The scene in "The Right Stuff" that we're focusing on occurs just after Gus Grissom makes his suborbital flight, becoming the second U.S. astronaut in space. As you remember, Alan Shepard was first, and had been welcomed home with pomp and ceremony, including a regal White House dinner hosted by President and Mrs. Kennedy. But Grissom, who successfully flew the same route -- even though his splashdown was a tad dicey -- gets none of the same celebration. Instead of a trip to Washington, the Grissoms get a motel room in Florida; instead of a dinner at the White House, they get a refrigerator full of cold cuts and beer; instead of a full orchestra, they get a high school band. Crestfallen, Grissom's wife asks in a pathetic whimper, "No Jackie?"
Flawed landing and all, Grissom was a hero; he had the right stuff.
But his timing was bad.
So he wasn't the winner Shepard was before him, or John Glenn after him.
Some people, no matter how much vacation time they've saved up and how much lotion they've bought, just aren't meant to walk in the sun.
On Wednesday night, as a lusty home crowd looked down, Maryland failed in its second straight try to give its coach his 500th career collegiate victory. First Duke, Driesell's alma mater, now North Carolina with Coach Dean Smith, Driesell's nemesis, have denied Driesell his just deserts.
On Sunday at Clemson, Driesell will try to avoid the hat trick.
Should the Terrapins lose, then next Tuesday at Georgia Tech, Driesell will go for it a fourth time.
At worst, the clouds should break next Thursday, when Maryland plays at home against Towson State. But if Driesell were to beat Towson State for No. 500, it would be an ignominious occasion, evoking the notion of a millstone rather than a milestone. Driesell, who has already had to suffer more harsh caricature than is reasonable for a coach with a lifetime winning percentage of .710, would get yet another dose. His detractors would dismiss him as a bozo who could turn 500 victories into a moral defeat, and even his supporters would have to concede -- if they kept the champagne chilled any longer, it would have frozen.
The man is star crossed.
And over the years, by dint of physical mannerisms that seem to borrow from Rodney Dangerfield and Joe Cocker, by a personal style marked by his excesses, his outrages, and, yes, his charisma, Driesell has become such a lightning-rod personality in this area that people have come to think of him as the Maryland basketball program. Half the people out there say that Maryland wins because of him; the others say Maryland wins in spite of him. It is as if the players have nothing to do with it. Lefty, only Lefty.
So, when on Wednesday night, with 7:23 to play, with Maryland leading North Carolina by one, with the ball, with the momentum, with the place in an uproar, Driesell called a timeout, people looked at that single act, that tiny dot on the mural of his career, as the most important move he'd ever made.
If Maryland had, as Driesell wanted, come back onto the floor, taken a good shot, made it, and gone on to victory, he would have been hailed a hero.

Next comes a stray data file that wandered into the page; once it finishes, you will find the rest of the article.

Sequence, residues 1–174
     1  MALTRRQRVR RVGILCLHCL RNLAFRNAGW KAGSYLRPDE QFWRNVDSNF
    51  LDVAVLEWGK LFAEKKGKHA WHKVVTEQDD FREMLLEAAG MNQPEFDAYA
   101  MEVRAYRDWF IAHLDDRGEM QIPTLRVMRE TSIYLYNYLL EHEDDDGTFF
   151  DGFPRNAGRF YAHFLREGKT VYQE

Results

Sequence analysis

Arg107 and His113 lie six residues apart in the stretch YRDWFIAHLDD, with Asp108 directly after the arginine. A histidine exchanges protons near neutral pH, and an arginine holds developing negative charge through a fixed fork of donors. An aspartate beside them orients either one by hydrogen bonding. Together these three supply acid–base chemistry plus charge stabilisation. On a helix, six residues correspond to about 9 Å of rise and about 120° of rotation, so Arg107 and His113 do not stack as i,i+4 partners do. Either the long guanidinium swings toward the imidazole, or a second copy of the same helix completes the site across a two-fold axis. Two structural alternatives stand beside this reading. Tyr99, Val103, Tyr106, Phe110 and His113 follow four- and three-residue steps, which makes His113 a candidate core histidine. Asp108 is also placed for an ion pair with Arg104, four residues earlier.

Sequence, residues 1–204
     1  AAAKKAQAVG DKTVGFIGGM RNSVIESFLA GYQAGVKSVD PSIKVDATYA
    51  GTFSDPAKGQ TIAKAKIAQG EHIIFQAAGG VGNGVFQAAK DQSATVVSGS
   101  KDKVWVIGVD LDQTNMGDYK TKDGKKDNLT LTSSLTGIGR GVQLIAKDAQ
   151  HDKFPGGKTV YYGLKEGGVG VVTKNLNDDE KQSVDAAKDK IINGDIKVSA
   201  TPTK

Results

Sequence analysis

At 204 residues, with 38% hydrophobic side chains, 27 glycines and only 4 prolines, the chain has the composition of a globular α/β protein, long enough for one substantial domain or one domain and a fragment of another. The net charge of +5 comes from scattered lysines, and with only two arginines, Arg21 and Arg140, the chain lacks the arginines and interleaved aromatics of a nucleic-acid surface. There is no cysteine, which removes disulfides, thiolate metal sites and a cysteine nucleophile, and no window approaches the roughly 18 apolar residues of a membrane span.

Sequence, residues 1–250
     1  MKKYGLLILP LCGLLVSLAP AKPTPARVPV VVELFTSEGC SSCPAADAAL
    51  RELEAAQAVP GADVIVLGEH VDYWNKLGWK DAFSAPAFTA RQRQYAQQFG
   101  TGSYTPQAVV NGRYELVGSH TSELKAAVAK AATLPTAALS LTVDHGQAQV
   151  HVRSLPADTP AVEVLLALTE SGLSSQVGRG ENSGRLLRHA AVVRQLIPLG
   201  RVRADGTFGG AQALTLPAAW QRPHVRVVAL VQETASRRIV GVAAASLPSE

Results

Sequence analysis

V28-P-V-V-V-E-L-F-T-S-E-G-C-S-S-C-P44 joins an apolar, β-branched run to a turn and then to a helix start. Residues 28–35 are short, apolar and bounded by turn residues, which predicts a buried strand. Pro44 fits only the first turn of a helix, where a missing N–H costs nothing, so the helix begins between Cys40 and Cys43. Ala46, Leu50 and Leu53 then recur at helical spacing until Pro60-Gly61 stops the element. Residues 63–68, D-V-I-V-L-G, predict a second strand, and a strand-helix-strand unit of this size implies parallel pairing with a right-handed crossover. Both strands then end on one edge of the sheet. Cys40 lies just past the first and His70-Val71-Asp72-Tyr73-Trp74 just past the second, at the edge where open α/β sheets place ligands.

If Maryland had, contrary to Driesell's instructions, come back out, taken a bad shot, made it, and gone on to victory, Driesell would have been hailed a hero.
Maryland came out, took an open shot, missed it, and went on to lose.
So everyone says: Lefty blew it. Dean outcoached him again.
Let's be fair. It's easy to deal with turning points, so even if they don't happen, people invent them. It may well have been a bad timeout; at the least, it was an interesting timeout. But Driesell's in a no-win with Smith. El Deano owns him, 30-8 lifetime. Their reputations are so rigidly cast by now that even if Driesell were to win six in a row over Smith, most people would simply chalk it up to the law of averages.
It would have been nice, it would have been poetic in its way had Driesell gotten his 500th victory at home against Carolina and Smith.
But there is karma to consider.
And Shepard. And Grissom.
Driesell has 499 victories. A wide load. Only 16 coaches have won more in the history of college basketball. Only six of those coaches are active, and of them only Smith has a higher lifetime winning percentage.
Yet with all that on his side, after the game, Driesell was asked this: "Do you consider it a major career disappointment not to get 500 against Carolina?"
Driesell was so angry his whole head turned the color of blood. Glaring at the man, he said, "Naw, man, what in the hell are you talking about? You gotta be nuts."
More than a few coaches, including some who have been to the White House, would have bolted then and there. But Driesell stayed, and within a couple of minutes, launched into a wild monologue about No. 500 that ought to wind up on a T-shirt: "Hey, I told you what, I don't care about 500. So please don't bring it up. Would you do me a favor, all right? I don't care about 500, man. I feel like a DAWG right now, like I ain't never won a game, so I ain't worried about FAHV-hundred, I'm just worried about beatin' Clemson. Mr. Dull ain't gonna give me no RAISE for winnin' 500. They ain't gonna give me no HOUSE. No car. If they were, then I'd wanna win 500. But I don't think I'm gonna get anything extra -- do you? Hey, I ain't heard no RUMORS about it. So if they tell me that, then I'll really get after it. Otherwise, it's just another ball game."
Driesell paused for breath, and someone called out, "You need incentive?"
Driesell smiled, cracking the thick ice of anger he'd been skating on, and said, "Yeah, I need some incentive. Go start some RUMORS."
On his way out, Driesell was asked if the gym had seemed particularly warm tonight. "Extremely hot," he said. "It was hot against Georgia Tech, too. Maybe that's why we're losin'."
Lefty got an idea: "Next time we'll open the damned windows."